My second coffeeshop job (if indeed this cut out in the wall could be called a coffeeshop) was 2,000 miles away in a hospital in Georgia. Upon taking the job I thought I would be able to establish relationships with patients and nurses and, ideally, be an encouragement to them. I did learn the name of a nurse from Australia, who still had her accent and a longing for home; and a handful of new dads who fumbled over their wives’ drink orders and looked alternately exhausted and joyful – but that was the extent of the joy this job brought. I mistakenly believed that a hospital coffeeshop would be organized and clean (hospital + COVID = clean … right?) and full of efficient people. I found that one) I was hired under the name barista but put to work more often in the cafeteria (also not the cleanest), two) the busyness my coworkers complained of was a nonexistent reason for the dirty floors and roaches, and three) in a similar vein, never to say we served Starbucks Coffee because then the nurses would ask for crazy drinks we “couldn’t make”. (We could, creativity just seemed to be lacking among the hospital baristas.)
My two months at the hospital coffeeshop are months that I try to forget. But thanks to that job I appreciate nurses more (even if they’ve never heard the words “pour over” or “french press” before), I’ve learned that my principle to be faithful in little is much more difficult in deed than in word, that my tendency to impatience and to complaint is much greater than I imagined, one’s attitude and words should not depend upon their satisfaction with their job (as most of the people I worked with – including myself in my heart – complained about how dismal their job was), and perhaps most importantly that when I have my first (and second and so on) child I will not be sending my husband to buy me coffee from the hospital.
This brings me to my third and current coffee job. Well, once again, “coffee” job. Georgia does not have quite the coffee culture Southern California has. Thus, the word “barista” in a job advertisement often does not mean what it seems. This has been the case in both of my last jobs. Unlike the hospital, the hotel I currently work at does have a real espresso machine, a couple hundred thousand dollar one at that. I’ve used it maybe four times in the three months I’ve been employed there. My time at the hotel has been a whirlwind. I thought I said yes to making coffee for twenty hours a week. Instead I wound up at a mandatory corporate training for two weeks for forty plus hours each week. After that I found myself waking up at 4:00 AM and setting up a “European inspired breakfast” (I’m not allowed to call it a buffet… that’s too crass a word for the caliber of our food apparently. I would have to agree in the sense that I’ve never been to a buffet that serves hand sliced prosciutto.) All this is done usually alone.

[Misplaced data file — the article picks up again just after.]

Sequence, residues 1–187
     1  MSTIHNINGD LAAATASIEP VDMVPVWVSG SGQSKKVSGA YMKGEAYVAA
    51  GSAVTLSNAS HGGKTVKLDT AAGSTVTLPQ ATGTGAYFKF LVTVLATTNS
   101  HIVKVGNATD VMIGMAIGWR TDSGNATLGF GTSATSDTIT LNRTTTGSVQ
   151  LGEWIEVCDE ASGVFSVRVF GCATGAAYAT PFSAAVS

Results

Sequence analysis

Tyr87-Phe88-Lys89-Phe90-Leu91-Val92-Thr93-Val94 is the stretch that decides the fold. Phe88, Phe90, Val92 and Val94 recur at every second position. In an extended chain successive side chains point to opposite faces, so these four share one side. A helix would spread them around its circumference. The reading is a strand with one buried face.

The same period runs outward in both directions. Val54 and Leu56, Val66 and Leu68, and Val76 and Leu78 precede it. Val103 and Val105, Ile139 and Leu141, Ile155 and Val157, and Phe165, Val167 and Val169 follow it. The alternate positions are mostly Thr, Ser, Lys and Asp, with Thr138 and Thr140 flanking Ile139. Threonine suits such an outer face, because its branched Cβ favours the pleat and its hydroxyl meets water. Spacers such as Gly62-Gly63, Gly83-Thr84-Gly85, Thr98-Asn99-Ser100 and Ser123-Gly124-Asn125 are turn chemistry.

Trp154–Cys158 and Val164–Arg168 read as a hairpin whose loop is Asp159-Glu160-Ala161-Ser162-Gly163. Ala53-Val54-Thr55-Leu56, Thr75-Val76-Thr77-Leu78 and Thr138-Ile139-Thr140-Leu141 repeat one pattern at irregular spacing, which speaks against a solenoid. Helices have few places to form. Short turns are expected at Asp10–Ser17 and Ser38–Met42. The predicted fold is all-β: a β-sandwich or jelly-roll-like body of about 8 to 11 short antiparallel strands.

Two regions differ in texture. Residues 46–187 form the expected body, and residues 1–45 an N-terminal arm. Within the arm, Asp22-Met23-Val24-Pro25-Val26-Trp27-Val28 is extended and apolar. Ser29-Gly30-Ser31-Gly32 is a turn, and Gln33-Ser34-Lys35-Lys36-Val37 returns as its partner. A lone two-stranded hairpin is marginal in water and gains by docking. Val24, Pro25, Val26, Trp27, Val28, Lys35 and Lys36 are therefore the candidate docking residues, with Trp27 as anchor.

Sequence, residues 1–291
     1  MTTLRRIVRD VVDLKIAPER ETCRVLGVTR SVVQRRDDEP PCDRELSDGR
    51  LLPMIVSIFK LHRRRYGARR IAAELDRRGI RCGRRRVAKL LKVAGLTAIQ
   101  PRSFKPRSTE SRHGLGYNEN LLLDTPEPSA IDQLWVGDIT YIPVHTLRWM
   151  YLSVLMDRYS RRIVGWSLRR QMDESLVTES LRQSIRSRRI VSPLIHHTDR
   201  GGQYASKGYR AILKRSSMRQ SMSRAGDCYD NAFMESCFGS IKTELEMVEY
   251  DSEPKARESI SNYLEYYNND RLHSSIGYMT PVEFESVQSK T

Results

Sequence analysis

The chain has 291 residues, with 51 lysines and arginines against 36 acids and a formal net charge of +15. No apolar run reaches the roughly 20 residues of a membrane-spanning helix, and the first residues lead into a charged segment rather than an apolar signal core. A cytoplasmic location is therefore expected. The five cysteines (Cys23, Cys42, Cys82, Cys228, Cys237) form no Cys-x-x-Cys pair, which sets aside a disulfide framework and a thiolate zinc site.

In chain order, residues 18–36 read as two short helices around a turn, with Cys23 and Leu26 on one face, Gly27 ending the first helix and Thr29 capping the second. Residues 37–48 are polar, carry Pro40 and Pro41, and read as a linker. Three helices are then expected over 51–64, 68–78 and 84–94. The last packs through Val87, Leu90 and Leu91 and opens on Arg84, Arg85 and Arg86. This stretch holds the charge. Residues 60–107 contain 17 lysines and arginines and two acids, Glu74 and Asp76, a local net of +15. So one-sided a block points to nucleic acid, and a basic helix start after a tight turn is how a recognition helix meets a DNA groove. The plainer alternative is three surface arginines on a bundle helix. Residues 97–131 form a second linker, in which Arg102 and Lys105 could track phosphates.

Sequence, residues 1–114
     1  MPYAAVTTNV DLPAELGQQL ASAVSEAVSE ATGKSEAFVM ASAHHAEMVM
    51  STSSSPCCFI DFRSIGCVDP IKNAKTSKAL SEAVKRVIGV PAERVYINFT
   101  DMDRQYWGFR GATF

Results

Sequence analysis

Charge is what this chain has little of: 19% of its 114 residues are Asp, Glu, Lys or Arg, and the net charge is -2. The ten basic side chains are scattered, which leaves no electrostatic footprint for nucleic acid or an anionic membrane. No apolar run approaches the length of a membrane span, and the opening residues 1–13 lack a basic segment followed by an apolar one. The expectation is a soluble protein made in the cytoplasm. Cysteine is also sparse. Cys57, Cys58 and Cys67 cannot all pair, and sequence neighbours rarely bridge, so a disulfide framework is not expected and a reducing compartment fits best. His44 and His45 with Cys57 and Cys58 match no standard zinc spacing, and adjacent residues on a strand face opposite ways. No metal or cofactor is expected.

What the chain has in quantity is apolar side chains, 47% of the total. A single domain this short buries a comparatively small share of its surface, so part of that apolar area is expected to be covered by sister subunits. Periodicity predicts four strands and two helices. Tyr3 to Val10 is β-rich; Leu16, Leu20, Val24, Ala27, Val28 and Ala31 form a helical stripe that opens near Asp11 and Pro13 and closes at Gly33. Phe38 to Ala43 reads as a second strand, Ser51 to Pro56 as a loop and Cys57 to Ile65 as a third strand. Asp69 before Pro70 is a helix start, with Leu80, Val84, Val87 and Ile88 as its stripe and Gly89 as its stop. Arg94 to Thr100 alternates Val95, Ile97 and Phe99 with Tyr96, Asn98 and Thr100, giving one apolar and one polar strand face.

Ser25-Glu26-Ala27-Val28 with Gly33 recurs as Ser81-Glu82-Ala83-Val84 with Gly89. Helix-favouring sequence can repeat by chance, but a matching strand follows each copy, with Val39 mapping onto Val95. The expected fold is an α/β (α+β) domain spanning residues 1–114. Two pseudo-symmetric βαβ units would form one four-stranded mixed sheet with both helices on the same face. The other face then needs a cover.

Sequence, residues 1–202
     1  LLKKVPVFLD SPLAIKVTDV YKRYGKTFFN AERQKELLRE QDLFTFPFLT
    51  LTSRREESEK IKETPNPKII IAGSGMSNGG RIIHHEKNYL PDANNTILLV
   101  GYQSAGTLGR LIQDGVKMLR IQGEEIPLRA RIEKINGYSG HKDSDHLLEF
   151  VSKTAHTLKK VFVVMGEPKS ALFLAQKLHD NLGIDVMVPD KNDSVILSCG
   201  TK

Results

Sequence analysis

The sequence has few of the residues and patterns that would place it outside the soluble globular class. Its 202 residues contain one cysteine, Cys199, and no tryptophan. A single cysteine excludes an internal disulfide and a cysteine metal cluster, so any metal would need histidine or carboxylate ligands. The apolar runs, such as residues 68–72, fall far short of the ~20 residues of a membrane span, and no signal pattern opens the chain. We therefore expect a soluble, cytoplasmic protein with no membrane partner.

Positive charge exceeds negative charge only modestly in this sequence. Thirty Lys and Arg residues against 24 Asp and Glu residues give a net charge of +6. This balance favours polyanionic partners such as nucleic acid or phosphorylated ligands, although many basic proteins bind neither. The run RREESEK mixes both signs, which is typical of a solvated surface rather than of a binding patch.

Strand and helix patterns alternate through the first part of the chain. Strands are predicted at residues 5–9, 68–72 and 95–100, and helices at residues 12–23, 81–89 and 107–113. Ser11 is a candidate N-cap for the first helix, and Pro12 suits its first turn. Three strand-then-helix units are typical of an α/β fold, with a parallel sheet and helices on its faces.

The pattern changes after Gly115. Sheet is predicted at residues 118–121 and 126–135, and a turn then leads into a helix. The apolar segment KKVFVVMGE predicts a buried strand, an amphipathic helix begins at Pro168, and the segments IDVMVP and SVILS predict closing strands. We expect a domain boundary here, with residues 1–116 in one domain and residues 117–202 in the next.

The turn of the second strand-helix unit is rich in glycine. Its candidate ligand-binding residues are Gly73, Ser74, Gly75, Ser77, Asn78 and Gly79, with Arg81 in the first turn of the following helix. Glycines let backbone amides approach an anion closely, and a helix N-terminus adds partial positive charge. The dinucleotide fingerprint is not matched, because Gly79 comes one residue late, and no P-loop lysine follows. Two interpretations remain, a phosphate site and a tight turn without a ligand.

The loneliness of the job was startling after over 40 hours a week of interaction with all the hotel employees. And especially strange when contrasted with the first few months of my employment at the sunny coffeeshop in SoCal. There are not many regulars at hotels – at least not usually. Though it does not have the consistency of my first job (in other words, I don’t start making two pour-overs when I see the tall man with the long brown hair walk in) it is interesting to hear the stories of people who come into a hotel. There are business conversations and newlyweds, grandparents and babies, as well as solitary travelers.
I could groan about various aspects of the job I don’t appreciate, but I trying not to complain as I’m realizing that ultimately my discontent with my last two jobs is a result of homesickness. I miss the friendliness and the locality of my first barista job. I miss the conversation and the seeing daily the same faces. I miss the humor and the stories my coworkers and I would share though we thought nothing alike. I’ve found that only in one local coffeeshop since moving and for that I’m grateful. To be content is difficult, especially when I know there are happier and more relational coffee careers to be had. Having a good thing makes for beautiful memories but sometimes leaves one with an ideal that is rare to find in practice.
But let me focus on the good. As I sit at my new favorite coffee shop (where I am not a barista), I can still acknowledge that the Lord’s gifts of caffeine, sugar, and baked goods draw people together. Whether it’s in a sunny suburban neighborhood or a cut out in a hospital hallway people enjoy the company of a good drink among others. There’s something beautiful in people’s natural tendency to come together over a simple love for a simple thing. So, may each cup of coffee I brew – single origin or an over roasted batch of Starbuck’s beans – be done in heavenly hospitality.